August 6, 2014
photograph by George Baier IV
On the blog of designer and art director Henry Sene Yee there is a fake poll question: “Who is your favourite book cover designer?” Three of poll’s four possible answers are “Chip Kidd.” The fourth is “none of the above.” The joke is, of course, that Kidd is the only book cover designer most people can name (if they can name one at all).
After this week, however, Henry might have to add a second designer to his list — Chip Kidd’s colleague at Knopf, Peter Mendelsund.
Already a well-known figure in book design circles, the publication of Peter’s two new books this week—Cover and What We See When Read—has apparently made everyone else sit up and take notice. Already interviewed by Alexandra Alter for the New York Times last week, Peter is suddenly everywhere.
At the New Republic, he discusses his work with Amy Weiss-Meyer:
I think the most import thing about being a cover designer is being a decent reader. If you haven’t read a book well, [and] you just throw an image on it, chances are you’re going to fail at representing it. On the other hand, if you do use imagery that’s broad enough, then you want something that’ll serve as a universal emblem to the book rather than one particular reading of it.
At the Los Angeles Times, he is interviewed by writer and Stop Smiling founder J.C. Gabel:
The truth is when you go to school to learn something, you’re on a dedicated trajectory. So that puts a certain kind of burden on you to succeed in that particular trajectory. One of the wonderful things about having sidestepped into design is that there was never any pressure for me to succeed. … It’s not something I spent money to learn how to do. So I still kind of feel like I’m dabbling, and I think what’s great about that is you can maintain a certain kind of beginner’s mind when you’re working, which obviously, I think, makes for better work. You’re just fresher because you don’t have the anxiety of influence. There’s nothing really at stake.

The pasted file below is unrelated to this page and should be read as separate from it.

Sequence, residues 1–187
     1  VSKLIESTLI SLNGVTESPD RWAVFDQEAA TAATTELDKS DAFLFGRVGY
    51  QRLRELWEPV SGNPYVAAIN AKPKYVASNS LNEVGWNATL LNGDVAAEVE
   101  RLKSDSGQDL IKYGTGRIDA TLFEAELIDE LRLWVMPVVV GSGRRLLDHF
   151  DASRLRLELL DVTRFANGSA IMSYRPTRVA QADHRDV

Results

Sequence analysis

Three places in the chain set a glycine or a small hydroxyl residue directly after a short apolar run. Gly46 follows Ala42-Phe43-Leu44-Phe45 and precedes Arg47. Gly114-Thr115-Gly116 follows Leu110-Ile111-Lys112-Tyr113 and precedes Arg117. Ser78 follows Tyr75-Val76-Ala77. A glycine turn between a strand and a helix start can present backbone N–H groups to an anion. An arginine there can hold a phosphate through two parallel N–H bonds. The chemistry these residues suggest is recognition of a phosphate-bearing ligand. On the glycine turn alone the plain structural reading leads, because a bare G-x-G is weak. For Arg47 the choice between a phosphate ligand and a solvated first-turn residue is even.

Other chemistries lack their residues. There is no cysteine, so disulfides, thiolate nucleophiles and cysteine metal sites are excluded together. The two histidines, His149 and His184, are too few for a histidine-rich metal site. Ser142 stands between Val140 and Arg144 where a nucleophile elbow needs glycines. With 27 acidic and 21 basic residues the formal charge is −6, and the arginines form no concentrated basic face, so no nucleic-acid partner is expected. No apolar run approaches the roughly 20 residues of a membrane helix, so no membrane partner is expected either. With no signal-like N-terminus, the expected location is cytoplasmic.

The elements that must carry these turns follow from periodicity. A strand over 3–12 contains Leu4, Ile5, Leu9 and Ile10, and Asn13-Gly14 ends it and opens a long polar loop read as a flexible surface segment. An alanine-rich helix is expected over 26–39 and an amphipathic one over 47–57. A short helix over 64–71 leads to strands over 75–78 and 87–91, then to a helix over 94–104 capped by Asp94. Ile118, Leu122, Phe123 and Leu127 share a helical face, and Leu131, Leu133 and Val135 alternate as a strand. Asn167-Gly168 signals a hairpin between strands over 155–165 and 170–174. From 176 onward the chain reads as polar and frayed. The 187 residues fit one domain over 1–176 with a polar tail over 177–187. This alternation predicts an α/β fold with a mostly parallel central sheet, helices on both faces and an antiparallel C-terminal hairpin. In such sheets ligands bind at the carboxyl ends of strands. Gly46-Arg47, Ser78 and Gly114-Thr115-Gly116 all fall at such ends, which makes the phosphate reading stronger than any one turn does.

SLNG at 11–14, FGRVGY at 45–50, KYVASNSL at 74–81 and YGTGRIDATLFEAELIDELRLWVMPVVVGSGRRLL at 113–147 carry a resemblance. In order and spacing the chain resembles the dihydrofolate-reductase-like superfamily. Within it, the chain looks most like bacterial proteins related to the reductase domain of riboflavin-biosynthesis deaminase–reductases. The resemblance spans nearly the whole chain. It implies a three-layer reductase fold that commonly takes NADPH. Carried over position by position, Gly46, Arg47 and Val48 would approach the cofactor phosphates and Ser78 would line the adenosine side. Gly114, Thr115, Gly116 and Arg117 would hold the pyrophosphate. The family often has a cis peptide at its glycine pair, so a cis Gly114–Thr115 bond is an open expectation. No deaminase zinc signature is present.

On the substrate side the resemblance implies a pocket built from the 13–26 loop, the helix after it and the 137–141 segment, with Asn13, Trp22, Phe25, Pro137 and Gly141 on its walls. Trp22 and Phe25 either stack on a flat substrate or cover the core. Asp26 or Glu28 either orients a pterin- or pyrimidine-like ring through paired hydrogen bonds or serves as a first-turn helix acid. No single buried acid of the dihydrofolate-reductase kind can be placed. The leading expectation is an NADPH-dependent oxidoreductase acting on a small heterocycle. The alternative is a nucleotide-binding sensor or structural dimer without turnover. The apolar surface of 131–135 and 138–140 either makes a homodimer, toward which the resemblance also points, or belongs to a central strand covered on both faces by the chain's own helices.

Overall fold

And at The New Yorker, Peter talks to his friend Peter Terzian about his work and the genesis of What We See When We Read:
Reading with a mind to designing a jacket is very different from just reading. When I’m reading for work, I’m looking for something described in the book that will be reproducible visually and that will serve as an emblem for the entire book—a character, or an object, or a scene, or a setting. That’s not the way one reads when one is simply immersed in a book.
Let’s say I’m reading something and I come across a scene that I think is particularly pregnant with significance and that could really work as that emblematic something to go on the jacket. It’s not like I picture it completely and then render it on the screen. I have the idea that this scene and its structural components could work well as a jacket, and then I start making things. And when something is made, I compare it back to the reading experience and ask, Is this dissonant with the way I’m reading this, or consonant with it? Does it in fact represent the author’s project? But it’s not like I’m rendering something that I saw. When I start to make it, that’s when I start to look at it for the first time—that’s when it develops visual coherence. That moment is very satisfying, professionally, but also disappointing as a reader.
Dwight Garner reviewed What We See When We Read for the New York Times. While at the Washington Post, visual editor David Griffin reviews both Peter’s new books (one less favourably than the other).
And if that weren’t enough, Pablo Delcán and Brian Rea have also made this trailer, apparently the first in a series, for What We See When We Read:
And this is surely just the beginning. Congratulations Peter, it’s well-deserved.